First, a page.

Recently I was asked if it is more important to prioritize your time or your energy. The more I think about it, the more I see an interesting dilemma in a schedule driven world. I have been through many physically intensive times and roles. I have been with people who lived their lives through their physicality. These Many have taught me ways that they managed their energy in order to apply it where it really counted.
One martial arts instructor, a 4th Degree Black Belt, explained to me the importance of developing the proper form in the most basic fighting stance. At the time this stance seemed excruciating, but when finally mastered, it serves as a resting stance. When you get into this stance, you can feel the energy actually return to your body. Part of the training involves learning to deliver high-energy moves that are ended by a return to this stance. After this revelation I began to see the cycle of energy that flowed through each movement, from intense release to a rapid refresh. While it may seem that martial arts forms are all about learning how to punch, kick, and make a lot of noise in the process, at a much deeper level it is about learning how to channel energy through your body. It is like breathing. Your body expends energy to inhale, then has a moment of rest at the bottom of exhalation, during which time the muscles refresh before moving again. Looking for the corollary in the business world, I see many people who live by a calendar that is filled from the first moment of the day to the last.
Everything there is important. Everything on that calendar has been prioritized. Add to that, everything there requires work. Their time has been prioritized, but what about their energy? Does it matter? I believe it is crucial. Have you ever seen someone "run out of gas"? Or have you? Just like breathing, you can schedule yourself to hold your breath for the next hour, and make a great effort towards it, but your body will take over and return to a balanced rhythm, even if it forces you to pass out first. Our creative energy runs the same way. You can expend for only so long before your being takes over and forces you to refresh. I see this happen to people in many ways, where their brains take vacations when it seems possible, like in the middle of a presentation, or when someone else is talking. When does your brain go to sleep? Let's bring into this mix the idea of a resting stance. Every person has things that they do that actually allow them to refresh their energy levels and clear their mind. When we work on things that we have passion for, we absorb energy. Sometimes just having a vigorous problem-solving session can refuel. Others need a physical separation and reflection time. Whatever the form, we all have them. Now, if we don't get these activities, we will mentally, emotionally, or physically collapse.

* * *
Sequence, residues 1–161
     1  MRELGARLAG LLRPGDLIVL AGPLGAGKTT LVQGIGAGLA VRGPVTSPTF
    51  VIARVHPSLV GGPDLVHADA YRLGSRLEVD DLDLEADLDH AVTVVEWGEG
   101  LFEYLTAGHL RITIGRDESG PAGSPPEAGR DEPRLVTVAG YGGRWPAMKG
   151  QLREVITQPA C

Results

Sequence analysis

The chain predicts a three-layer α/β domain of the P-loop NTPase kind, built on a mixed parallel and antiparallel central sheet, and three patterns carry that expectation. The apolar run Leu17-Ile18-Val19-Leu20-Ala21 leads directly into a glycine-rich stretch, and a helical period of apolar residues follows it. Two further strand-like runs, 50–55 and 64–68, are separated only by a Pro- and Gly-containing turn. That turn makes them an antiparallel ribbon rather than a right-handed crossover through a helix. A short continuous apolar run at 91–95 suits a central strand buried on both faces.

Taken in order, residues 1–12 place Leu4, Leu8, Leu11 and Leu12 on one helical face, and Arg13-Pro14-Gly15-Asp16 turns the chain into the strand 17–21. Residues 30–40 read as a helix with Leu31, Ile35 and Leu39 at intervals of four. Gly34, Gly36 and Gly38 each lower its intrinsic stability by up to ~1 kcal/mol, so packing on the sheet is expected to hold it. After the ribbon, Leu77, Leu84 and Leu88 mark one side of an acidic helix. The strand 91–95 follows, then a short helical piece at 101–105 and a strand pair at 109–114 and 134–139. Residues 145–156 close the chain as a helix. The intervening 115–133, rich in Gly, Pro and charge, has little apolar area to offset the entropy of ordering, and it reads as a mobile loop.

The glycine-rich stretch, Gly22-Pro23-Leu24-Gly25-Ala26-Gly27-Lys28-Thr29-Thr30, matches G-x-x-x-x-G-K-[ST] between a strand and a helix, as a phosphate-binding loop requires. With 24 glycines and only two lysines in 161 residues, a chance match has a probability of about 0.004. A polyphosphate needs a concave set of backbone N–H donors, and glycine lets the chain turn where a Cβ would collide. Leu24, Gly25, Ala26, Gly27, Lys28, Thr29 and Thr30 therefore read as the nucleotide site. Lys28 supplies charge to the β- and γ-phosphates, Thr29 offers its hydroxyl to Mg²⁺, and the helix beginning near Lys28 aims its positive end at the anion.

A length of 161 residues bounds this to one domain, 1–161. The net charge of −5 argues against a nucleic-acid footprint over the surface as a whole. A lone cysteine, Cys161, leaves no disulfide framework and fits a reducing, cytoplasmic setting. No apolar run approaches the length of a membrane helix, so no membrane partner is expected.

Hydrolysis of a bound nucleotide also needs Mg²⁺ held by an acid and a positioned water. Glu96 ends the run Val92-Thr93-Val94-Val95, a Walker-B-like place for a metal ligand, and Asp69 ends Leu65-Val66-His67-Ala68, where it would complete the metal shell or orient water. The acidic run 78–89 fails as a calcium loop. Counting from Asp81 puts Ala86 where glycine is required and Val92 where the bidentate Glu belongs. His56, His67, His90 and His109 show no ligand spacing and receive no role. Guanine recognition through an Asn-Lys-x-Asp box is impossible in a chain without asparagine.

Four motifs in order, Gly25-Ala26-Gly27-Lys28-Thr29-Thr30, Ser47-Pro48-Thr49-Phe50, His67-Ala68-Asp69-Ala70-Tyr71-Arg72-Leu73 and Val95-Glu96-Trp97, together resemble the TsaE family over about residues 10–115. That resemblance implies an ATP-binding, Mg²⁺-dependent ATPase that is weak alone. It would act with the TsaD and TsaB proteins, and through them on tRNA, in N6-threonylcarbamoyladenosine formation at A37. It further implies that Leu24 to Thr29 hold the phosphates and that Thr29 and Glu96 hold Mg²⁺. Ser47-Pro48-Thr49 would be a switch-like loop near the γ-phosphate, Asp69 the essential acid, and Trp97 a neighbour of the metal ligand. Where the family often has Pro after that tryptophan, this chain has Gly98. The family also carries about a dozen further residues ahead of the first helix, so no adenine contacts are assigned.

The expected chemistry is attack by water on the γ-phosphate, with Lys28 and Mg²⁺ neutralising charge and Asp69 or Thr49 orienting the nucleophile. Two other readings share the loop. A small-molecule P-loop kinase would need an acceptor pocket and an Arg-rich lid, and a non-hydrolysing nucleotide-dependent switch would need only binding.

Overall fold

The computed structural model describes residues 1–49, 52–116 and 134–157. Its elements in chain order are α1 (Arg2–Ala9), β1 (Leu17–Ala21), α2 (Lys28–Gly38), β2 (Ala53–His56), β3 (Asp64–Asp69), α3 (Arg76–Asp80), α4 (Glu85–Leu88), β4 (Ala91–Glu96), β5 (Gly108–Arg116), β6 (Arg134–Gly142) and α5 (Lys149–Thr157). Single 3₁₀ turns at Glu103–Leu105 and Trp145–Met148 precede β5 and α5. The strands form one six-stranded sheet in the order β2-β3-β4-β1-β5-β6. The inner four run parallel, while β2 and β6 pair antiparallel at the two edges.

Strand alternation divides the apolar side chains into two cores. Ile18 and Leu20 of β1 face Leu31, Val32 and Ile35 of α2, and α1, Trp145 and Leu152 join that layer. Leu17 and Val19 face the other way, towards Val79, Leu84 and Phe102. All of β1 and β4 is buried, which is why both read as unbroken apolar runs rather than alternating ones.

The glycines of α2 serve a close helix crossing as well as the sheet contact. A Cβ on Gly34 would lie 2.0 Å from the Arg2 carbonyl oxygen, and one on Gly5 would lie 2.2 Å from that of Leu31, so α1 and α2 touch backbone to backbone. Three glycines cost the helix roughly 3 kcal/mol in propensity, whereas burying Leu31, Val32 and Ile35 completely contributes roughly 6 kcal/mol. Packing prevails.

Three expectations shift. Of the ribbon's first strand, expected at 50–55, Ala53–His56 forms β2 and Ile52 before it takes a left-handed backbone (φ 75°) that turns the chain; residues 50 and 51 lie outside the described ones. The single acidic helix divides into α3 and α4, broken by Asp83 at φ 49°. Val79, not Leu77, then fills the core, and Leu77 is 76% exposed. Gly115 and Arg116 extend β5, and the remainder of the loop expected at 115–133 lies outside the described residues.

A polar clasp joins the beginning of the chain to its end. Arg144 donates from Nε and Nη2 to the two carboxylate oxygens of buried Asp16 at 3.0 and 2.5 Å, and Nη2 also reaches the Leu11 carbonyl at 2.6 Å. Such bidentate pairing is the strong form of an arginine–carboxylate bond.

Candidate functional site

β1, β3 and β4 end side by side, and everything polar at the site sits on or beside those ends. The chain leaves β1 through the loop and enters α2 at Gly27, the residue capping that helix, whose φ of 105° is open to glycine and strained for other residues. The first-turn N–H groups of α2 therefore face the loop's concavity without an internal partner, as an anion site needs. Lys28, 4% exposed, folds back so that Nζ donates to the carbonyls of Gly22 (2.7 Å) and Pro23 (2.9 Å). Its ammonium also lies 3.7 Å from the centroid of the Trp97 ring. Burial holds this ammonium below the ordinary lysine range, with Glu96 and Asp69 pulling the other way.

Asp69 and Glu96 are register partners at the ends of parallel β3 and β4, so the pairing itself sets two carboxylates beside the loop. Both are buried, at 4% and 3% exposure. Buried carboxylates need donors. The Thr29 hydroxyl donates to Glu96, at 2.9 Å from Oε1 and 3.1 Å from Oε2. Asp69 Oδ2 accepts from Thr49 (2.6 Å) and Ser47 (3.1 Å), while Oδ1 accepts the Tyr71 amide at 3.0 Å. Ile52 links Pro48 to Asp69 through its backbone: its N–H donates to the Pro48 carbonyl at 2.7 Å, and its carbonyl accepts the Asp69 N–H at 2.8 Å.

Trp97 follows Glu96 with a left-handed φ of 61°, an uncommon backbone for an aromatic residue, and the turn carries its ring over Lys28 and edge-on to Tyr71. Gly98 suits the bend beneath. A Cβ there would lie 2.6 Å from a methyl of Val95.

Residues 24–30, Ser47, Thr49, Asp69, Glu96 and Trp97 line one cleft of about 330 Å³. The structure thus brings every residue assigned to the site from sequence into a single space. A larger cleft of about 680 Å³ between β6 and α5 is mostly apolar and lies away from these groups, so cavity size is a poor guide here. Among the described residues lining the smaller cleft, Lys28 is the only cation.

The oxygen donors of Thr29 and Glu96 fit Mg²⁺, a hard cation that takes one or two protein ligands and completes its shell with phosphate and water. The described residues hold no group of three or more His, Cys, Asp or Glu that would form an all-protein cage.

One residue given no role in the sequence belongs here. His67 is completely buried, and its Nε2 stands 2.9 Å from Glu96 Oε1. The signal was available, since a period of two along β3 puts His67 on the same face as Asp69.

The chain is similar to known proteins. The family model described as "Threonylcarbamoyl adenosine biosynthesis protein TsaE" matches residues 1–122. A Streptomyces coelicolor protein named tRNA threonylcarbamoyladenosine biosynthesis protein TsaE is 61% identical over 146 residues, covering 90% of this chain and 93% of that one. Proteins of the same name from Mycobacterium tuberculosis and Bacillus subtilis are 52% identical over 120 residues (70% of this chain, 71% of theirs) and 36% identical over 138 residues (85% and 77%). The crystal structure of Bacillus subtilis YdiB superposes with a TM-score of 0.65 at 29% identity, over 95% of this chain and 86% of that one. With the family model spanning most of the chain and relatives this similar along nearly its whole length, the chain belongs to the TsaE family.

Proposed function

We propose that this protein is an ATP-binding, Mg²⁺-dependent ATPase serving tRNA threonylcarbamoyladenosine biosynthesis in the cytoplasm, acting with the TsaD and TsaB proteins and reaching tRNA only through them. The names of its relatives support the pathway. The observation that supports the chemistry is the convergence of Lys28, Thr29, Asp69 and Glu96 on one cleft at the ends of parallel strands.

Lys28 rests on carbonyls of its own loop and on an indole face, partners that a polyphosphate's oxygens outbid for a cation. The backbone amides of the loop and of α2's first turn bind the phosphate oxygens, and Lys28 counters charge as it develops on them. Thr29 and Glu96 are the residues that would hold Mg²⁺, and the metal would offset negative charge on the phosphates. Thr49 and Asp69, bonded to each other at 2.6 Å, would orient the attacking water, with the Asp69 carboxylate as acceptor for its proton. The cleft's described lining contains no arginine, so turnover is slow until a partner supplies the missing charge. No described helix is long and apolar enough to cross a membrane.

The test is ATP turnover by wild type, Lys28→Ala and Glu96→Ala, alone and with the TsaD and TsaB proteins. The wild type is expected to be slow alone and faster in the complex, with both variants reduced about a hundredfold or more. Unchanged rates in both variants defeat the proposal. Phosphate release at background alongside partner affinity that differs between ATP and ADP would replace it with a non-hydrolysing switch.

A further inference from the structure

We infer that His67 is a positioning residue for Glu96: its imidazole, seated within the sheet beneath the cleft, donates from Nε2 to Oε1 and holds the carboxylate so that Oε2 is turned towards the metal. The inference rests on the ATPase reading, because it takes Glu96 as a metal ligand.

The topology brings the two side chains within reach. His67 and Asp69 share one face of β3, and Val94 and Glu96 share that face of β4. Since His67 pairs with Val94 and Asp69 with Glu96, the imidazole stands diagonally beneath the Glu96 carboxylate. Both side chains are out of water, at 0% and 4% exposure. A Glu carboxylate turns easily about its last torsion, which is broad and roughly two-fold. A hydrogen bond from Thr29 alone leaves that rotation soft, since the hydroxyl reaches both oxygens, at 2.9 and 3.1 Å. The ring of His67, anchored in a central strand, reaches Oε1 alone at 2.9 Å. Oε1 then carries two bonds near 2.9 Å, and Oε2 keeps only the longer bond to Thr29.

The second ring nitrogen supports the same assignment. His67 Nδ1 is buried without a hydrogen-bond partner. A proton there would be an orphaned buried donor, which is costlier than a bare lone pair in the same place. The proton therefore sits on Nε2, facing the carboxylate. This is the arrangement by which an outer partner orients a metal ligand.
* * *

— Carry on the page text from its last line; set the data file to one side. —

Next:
Maybe even all three. It is like passing out when you've held your breath too long. Think again about a calendar filled from start of day to the end. It is prioritized against what is important. Now, what if you start that prioritization thinking about your physical flow of energy? Can you space in activities that allow you to refresh? Like so many things in life, balancing energy flow is learnable but not directly teachable. Like so many behavior-based trainings, all we can do is to show people the physical steps that create the flow, and stay with it long enough for them to experience it, become aware of it, and then learn to manage it on their own. This is an indirect method of teaching, where the real lesson is below the surface, and when learned will apply to every area of life. This works more quickly when accompanied by conscious conversations and an intention to learn more than the physical movement. My answer? I think it is an "and" issue. You must do both. However, you have to know your energy sources before you can plan them in.
Some people seem to have more energy than others. Maybe they are just more adept at planning their resting stance into their day. Here are some questions for you today. · What is your resting stance? · How often during your day do you return to this stance? · Do you consciously prioritize your energy? · How do you do it?